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Is a Shootout Specialist the Answer for the Bruins?

The Bruins, apart from their shootout victory on Monday night, haven't exactly impressed in shootouts this season, with a 1-3 record.  Maybe the shootout is disfavored by NHL purists, but it's not going anywhere.  And since it's a good way for a team to earn those crucial extra points that can mean the difference between hitting the golf course early, and going to the playoffs (see: 2009-10 Philadelphia Flyers), whether Boston can do much to improve that record is a valid question.

Shootout success has two elements: shooting and goaltending.  In theory, the easiest way to improve a team's shootout success would be to improve the goaltending.  If you could acquire a shooter who buried every single shot attempt, or a goaltender who stopped every single shot attempt, which would win more shootouts?  The goaltender would, because given enough opportunities, your team will eventually score.  (Yes, that holds true even for the 2009-10 Boston Bruins.)  In practice, however, the Bruins would find it all but impossible to upgrade in goal.  They have both the NHL's best goaltender to date, and the NHL's best backup.  What's more, Tim Thomas has a very respectable .738 save percentage in the shootout, placing him 11th among active goaltenders.  If you narrow it to goaltenders who have faced at least 50 shots, he jumps to 7th.  It is safe to say that if the Bruins want to improve in the shootout, the focus must be in the shooters, and not the goaltenders.

Our Fearless Leader already profiled the ineptitude of Michael Ryder's shootout attempts, and indeed, one suspects that Claude Julien has caught on; the shooters for Monday were Tyler Seguin, Blake Wheeler and Nathan Horton.  Ryder was, at least for the first three rounds, stapled to the bench.  That was good news.  The bad news is that the Bruins aren't exactly bursting with great options:

Recchi 14.29 14
16 25


The above is a list of every current Bruin with at least three attempts in the shootout.  For reference, the NHL average is 32.78%.

The guys topping the list, Seguin, Chara and Wheeler, all come with some asterisks.  Seguin has just four attempts, which isn't exactly enough of a sample size to say that he's a shootout ace.  Given his skills and pedigree, it's likely, but we're going to need more attempts to say for sure.  You can arguably make the same argument with Chara, and his 9 attempts.  As for Wheeler, he started out 4 for 7, looking like an ace, and then last year, went a dismal 2 for 13, ultimately falling out of the rotation before earning his way back in Monday night.  Which is the real Wheels?  Did he have a slump in 09-10, or did he have a hot start in 08-09?  Either way, it's hard to say with  certainty.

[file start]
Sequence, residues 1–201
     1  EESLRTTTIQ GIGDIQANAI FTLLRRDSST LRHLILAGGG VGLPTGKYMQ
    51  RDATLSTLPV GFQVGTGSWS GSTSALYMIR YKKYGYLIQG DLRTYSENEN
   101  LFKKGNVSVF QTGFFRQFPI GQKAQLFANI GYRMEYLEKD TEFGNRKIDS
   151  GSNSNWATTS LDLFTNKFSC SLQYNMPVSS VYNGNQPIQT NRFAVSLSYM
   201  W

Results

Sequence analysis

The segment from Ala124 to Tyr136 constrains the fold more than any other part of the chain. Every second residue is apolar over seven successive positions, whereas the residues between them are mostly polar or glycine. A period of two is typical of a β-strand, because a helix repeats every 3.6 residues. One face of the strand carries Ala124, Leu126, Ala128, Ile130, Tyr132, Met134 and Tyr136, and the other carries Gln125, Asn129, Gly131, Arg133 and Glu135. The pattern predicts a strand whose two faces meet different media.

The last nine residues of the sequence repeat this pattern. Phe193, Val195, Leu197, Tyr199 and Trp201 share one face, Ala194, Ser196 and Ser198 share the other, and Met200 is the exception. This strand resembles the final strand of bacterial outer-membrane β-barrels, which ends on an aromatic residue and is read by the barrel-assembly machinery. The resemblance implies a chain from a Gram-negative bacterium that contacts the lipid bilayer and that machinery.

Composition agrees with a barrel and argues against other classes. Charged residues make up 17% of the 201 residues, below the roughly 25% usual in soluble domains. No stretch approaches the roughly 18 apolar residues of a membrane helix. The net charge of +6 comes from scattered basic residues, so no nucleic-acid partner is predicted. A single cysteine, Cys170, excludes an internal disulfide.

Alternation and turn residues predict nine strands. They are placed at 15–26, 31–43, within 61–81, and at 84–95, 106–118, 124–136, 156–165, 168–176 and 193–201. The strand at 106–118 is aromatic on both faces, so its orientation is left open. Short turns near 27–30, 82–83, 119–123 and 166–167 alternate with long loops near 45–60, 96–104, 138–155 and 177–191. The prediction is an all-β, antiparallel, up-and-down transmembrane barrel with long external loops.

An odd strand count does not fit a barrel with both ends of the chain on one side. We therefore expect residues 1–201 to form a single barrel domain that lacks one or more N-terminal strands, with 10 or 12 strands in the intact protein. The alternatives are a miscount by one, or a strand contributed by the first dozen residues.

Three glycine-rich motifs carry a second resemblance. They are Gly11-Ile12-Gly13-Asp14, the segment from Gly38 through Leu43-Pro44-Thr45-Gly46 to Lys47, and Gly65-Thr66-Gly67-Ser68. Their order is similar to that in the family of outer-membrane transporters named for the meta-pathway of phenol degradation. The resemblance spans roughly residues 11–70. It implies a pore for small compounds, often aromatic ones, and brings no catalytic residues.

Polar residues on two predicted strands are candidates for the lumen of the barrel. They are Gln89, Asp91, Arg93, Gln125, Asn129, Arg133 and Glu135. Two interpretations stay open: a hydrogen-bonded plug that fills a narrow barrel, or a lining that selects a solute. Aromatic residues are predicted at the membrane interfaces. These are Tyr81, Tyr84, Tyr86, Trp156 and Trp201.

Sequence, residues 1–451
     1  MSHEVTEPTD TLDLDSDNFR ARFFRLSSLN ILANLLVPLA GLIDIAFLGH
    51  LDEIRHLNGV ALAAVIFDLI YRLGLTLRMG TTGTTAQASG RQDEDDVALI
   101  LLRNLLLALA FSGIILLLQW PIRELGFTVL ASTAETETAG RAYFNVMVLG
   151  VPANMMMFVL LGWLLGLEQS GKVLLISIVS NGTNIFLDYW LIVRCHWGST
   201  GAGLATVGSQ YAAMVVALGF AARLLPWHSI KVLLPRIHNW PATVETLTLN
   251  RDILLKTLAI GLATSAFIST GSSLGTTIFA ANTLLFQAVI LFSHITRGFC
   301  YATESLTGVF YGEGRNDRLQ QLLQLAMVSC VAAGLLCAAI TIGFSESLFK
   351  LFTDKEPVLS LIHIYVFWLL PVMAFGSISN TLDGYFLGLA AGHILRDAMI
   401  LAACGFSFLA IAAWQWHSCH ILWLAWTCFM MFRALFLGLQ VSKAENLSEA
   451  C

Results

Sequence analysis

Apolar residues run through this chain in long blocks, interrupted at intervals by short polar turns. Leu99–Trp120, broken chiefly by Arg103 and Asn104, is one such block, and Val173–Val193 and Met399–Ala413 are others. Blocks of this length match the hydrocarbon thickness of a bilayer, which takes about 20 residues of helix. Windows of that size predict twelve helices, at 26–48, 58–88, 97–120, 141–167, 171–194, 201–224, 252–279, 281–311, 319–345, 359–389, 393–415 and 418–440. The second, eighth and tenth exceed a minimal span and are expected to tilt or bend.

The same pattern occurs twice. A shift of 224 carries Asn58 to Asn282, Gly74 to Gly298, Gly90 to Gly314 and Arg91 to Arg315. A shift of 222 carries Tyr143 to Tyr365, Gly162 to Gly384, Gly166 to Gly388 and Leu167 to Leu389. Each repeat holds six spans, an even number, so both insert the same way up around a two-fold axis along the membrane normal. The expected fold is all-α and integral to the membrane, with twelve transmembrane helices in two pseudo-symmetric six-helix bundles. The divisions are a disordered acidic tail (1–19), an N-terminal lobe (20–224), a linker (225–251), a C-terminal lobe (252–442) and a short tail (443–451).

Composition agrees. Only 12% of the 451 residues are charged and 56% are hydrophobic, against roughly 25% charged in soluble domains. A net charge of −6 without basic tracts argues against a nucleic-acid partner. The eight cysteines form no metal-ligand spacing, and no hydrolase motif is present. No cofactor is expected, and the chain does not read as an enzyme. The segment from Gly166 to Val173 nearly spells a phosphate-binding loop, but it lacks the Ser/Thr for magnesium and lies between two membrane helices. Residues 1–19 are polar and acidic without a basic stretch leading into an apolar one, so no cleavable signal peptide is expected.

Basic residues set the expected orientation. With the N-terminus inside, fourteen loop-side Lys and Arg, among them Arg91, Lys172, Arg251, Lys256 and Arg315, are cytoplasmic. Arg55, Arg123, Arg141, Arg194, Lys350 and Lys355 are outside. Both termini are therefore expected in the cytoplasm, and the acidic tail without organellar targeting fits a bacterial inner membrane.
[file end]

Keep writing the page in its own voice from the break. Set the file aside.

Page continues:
We can say, with a pretty high degree of certainty, that Krejci is a mediocrity in the shootout, that Bergeron and Horton are subpar, and that Ryder and Recchi are genuinely bad. So, to that end, the situation isn't all that promising.  This leads to the next question: would it be worthwhile for the Bruins to go pick up a shootout ace?

It started with a thought experiment.  I asked my friend Nick, a statistician by trade, if a 10% increase in shootout percentage would lead to a 10% increase in shootout wins.  That is, if a team upped their shootout percentage from 33% to 36%, would they win 10% more shootouts?  In fact, my initial belief was that shootout ability was undervalued as a skill, and could be exploited by a statistically-savvy front office to gain points in the standings.  The short answer is that it did not translate on a 1 to 1 basis.  I'll save you the math; if you're interested, drop me a line, but a 10% increase in team shootout translates to 8 or 9% more wins, depending on where the team's shootout percentage begins. Not bad.

So what would the impact of upgrading a single shooter be?  Assuming league-average shooters for the Bruins' other 2 guys, and assuming 3 league-average shooters for the other team, here's a table of the Bruins' chances of winning, given the various shootout percentages of our "shootout specialist":

0%: 39.1%
10%: 42.4%
20%: 45.7%
25%: 47.3%
30%: 48.9%
35%: 50.6%
40%: 52.2%
45%: 53.8%
50%: 55.5%
70%: 62.0%
100%: 71.9%

The average NHL team has 10 shootouts per season.  So a team of league-average shooters would win half of those shootouts, picking up 5 points in the standings.  Replacing one of those league-average shooters with a robot who buried every single shootout attempt would add 2.19 points over the course of a season.  But that's a prospect as unrealistic as it is awesome, so let's look for someone a little more attainable.  Replacing them with a 50% shooter, of which there are only 14 in NHL history (minimum 10 attempts), would be worth an extra 0.55 points.

Of course, it's not a league-average shooter the Bruins would be replacing.  It's Michael Ryder, that dummy who shoots a wrister from the same damn spot every time.  That must change things, right?  It does.  If you're talking about the oft-vilified Ryder, replacing him in the lineup with a 50% shooter would lead to about 1.1 points over the course of a season.  That's not a huge boost.  And the upgrade from Horton or Bergeron to said shooter would be worth less still.  In fact, just taking Ryder out of the lineup and replacing him with Horton gives the Bruins an extra 0.37 points over the course of a season.

I suppose 1 point is nothing to sneeze at.  Again, last year's Eastern Conference Champs would have been out of the playoffs without it.  But it's nowhere near the dramatic improvement one would hope for by getting a shootout specialist.  If the Bruins were looking to pick up a player, opting for one with some shootout skill wouldn't be a bad idea, but ultimately, picking up a pure shootout specialist who brought little else to the table would prove counterproductive.